This powerful nexus between protection and linguistics highlights why we need evocative, exciting language to describe topography, ecology, and biology. We need the words to describe the intimacy of nature, the grit and groundedness of the places we cannot bear to lose. Lucy Purdy is another author who writes about the importance of this. She attests that we must ‘recognise the power of language as a whetstone upon which we can sharpen our understanding of where humanity is’ and help rekindle our relationship with the natural world. One of the most insightful words to help us do just that is ‘noosphere’. It was coined by Ukrainian biogeochemist and philosopher Vladmir Vernadsky and is defined as: ‘the sphere of human consciousness and mental activity especially in regard to its influence on the biosphere and in relation to evolution.’ Another powerful example I came across was darshan, a Sanskrit word that “suggests a face-to-face encounter with the sacred on earth; with a physical manifestation of the holy”. If more of us understood such words and their ethos, surely we wouldn’t be polluting and destroying our sacred wild places with indignity, arrogance and ignorance.
This is something that First Nations cultures and languages have centred on for millennia. Hózhó is a word used by the Native American peoples of the Navajo Nation (Southwestern USA) who speak an Apachean language. Hózhó reflects working towards a sense of balance within oneself, our planet, and in life. It has a central emphasis on harmony and suggests that connections and ephemeral links to our community, place and history are central to who we are. The related Navajo concept of ‘walking in beauty’ refers to the embodied process of living your life in a harmonious way as an active, ongoing force for good.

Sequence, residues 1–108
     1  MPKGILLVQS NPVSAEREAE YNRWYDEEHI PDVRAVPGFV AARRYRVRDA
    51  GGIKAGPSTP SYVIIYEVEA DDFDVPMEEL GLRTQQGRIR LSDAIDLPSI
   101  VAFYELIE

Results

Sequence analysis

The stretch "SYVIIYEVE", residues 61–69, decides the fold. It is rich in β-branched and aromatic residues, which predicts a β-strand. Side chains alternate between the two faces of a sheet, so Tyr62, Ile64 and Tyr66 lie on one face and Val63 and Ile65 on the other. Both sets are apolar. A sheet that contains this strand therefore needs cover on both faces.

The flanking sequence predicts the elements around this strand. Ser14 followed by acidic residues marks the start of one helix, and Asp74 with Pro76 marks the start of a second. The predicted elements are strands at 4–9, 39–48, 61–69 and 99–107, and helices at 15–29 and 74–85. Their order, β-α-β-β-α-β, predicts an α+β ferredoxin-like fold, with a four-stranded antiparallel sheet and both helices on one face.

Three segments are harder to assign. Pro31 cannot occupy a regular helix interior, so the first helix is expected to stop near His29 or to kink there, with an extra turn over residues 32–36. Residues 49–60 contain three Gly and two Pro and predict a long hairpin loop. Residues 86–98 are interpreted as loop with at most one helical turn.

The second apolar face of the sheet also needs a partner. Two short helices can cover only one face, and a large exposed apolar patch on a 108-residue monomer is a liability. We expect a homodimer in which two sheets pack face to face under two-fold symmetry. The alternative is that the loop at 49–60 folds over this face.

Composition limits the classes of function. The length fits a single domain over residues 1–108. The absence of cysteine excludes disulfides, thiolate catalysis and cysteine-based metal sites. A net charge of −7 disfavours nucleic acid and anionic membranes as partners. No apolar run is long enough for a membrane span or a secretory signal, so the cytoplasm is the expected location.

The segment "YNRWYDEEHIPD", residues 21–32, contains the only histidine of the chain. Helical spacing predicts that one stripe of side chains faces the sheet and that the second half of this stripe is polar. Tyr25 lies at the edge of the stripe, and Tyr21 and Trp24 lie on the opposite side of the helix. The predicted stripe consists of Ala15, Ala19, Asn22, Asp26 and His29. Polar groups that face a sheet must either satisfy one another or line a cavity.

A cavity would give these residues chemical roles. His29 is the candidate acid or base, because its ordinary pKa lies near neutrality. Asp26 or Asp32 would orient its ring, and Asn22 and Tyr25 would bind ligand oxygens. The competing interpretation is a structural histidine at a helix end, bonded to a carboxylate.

In Arizona, the Hopi peoples of the sovereign Hopi Nation have a word to describe the opposite of the Navajo’s Hózhó. The Hopi word Koyaanisqatsi translates as ‘life out of balance’. It describes a way of operating that is chaotic and self-destructive. The 1982 film by Godfrey Reggio by the same name is an experimental montage which acts as a warning, and a cry to action. The film depicts the consequences of the parasitic colonial way of life rooted in extractive capitalism. Philip Glass composes an elegant score which is at once eerie, with a tinge of hopeful melancholy. It’s transporting, evocative, original, and haunting; storytelling without a storyline. As shown in the film’s imagery, practices of Koyaanisquatsi embody a profound disregard for the autonomy of the natural world and are eventually bound to collapse. This is a warning we could all heed. Encouraging a paradigm shift toward a more ‘Hózhó’ way of life is a step in the right direction. It’s a step towards walking with rather than over history, place, and our responsibilities to both.